In keeping with her desire to transport the viewer, Gleave located the installation’s entry at the rear of the Bay where a dressing room housing the protective wet weather gear awaited. Having navigated my way into a black plastic poncho and slipped on a pair of heavy-duty gumboots, I plodded toward the blackened environment of the main exhibition space. Like swimmers contemplating a dip in the ocean, some visitors stood hesitantly at the threshold while others ventured boldly inside where a continuously strobing white light spliced through the darkness. At the centre of the room, cloaked spectators ascended the stairs onto a stage-like platform fenced by a wire balustrade where water drizzled from the ceiling. As we stood on this platform beneath the artificial rain, the visual spectacle at the heart of the work unfolded as the white light of the strobe refracted off the tiny particles of water, poetically transforming the droplets into what resembled an all-enveloping confetti of star dust. It was an otherworldly optical phenomenon that re-imagined such barely perceptible natural effects as the fogbow into a full-blown cinematic style atmospheric event.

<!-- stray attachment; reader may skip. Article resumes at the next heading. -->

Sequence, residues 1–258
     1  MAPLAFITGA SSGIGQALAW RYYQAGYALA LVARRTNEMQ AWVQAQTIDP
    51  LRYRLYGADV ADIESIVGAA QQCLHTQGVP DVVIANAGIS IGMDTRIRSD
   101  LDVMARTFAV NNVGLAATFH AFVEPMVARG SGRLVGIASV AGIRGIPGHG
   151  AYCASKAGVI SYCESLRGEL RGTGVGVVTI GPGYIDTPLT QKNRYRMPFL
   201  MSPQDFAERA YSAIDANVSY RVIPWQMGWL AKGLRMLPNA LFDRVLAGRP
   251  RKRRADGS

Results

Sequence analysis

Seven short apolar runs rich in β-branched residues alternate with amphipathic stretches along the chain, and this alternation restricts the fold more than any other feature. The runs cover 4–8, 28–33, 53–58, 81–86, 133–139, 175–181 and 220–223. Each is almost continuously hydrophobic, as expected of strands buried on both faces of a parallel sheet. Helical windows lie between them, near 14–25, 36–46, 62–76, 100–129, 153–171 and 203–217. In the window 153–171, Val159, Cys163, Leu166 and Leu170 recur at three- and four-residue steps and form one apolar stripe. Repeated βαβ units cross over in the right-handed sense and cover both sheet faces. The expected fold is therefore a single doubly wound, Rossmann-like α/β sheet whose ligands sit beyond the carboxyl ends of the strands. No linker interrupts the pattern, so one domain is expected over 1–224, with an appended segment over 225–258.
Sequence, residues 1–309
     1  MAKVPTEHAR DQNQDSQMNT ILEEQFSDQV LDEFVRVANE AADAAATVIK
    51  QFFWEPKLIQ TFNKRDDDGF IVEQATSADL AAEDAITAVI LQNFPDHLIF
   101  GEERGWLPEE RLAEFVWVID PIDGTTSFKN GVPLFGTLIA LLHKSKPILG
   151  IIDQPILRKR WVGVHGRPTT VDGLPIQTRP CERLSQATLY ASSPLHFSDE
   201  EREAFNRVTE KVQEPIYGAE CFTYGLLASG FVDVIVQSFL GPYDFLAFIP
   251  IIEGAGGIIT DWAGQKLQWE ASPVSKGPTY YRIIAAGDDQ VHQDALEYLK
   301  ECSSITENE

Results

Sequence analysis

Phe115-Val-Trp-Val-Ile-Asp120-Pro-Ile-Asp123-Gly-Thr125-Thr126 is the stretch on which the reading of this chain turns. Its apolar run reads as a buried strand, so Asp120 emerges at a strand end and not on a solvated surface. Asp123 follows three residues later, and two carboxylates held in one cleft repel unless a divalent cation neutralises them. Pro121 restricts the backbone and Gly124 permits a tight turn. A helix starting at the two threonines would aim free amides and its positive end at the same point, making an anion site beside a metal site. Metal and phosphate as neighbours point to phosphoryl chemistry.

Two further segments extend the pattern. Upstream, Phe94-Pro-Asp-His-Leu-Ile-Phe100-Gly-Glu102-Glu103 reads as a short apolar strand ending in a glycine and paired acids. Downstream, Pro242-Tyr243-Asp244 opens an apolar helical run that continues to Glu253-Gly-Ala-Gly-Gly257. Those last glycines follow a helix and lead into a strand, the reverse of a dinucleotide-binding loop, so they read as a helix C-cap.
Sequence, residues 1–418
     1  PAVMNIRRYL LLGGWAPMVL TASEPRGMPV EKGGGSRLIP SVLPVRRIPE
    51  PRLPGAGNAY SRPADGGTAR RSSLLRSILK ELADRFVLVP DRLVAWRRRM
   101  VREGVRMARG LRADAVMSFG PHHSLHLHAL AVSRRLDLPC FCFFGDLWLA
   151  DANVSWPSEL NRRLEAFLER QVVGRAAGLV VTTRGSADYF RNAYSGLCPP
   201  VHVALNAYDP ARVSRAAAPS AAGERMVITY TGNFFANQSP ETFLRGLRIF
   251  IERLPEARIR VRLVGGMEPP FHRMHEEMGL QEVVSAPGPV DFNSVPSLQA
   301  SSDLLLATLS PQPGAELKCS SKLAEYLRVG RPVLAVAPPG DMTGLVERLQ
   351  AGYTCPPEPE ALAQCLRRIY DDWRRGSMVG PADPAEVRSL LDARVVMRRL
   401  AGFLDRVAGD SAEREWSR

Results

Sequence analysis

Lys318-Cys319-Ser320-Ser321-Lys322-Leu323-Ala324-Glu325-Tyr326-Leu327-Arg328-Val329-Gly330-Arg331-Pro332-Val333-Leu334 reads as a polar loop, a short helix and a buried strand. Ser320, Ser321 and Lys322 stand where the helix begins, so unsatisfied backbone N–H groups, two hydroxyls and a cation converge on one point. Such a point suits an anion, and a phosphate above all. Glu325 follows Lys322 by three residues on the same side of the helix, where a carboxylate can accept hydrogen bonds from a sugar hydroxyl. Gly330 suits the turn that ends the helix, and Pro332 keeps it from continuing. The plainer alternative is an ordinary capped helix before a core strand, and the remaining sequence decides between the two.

While her installations recall the sensorial art-science experiments of Icelandic artist Olafur Eliasson, where Gleave differs is in her more playful engagement with our infatuation with epiphanic moments, lending itself to work of a more performative character. The theatricality of Our Frozen Moment evolved from an earlier project which involved creating a storm sequence for a play and Gleave was interested in recreating the stage within a black box environment for this installation. What was unexpected about the spectacle was its somewhat unnerving and abrasive edge—the effect of the strobe lighting soon shifted from dazzling to disorienting and the water irrigation closer to a drenching than a fine mist. It’s hard to know whether this was intentional as the installation was to some extent technically unresolved with the management of such large quantities of water proving particularly difficult. A gentler immersive environment might have given viewers more contemplative time amidst its wonder-provoking effects. Yet for those able to withstand a certain level of physical discomfort Gleave did offer an unusually intense collective experience that emphasised the destabilising influence of environments upon mental states and the fine line between the joys of illumination and the terrors of hallucination.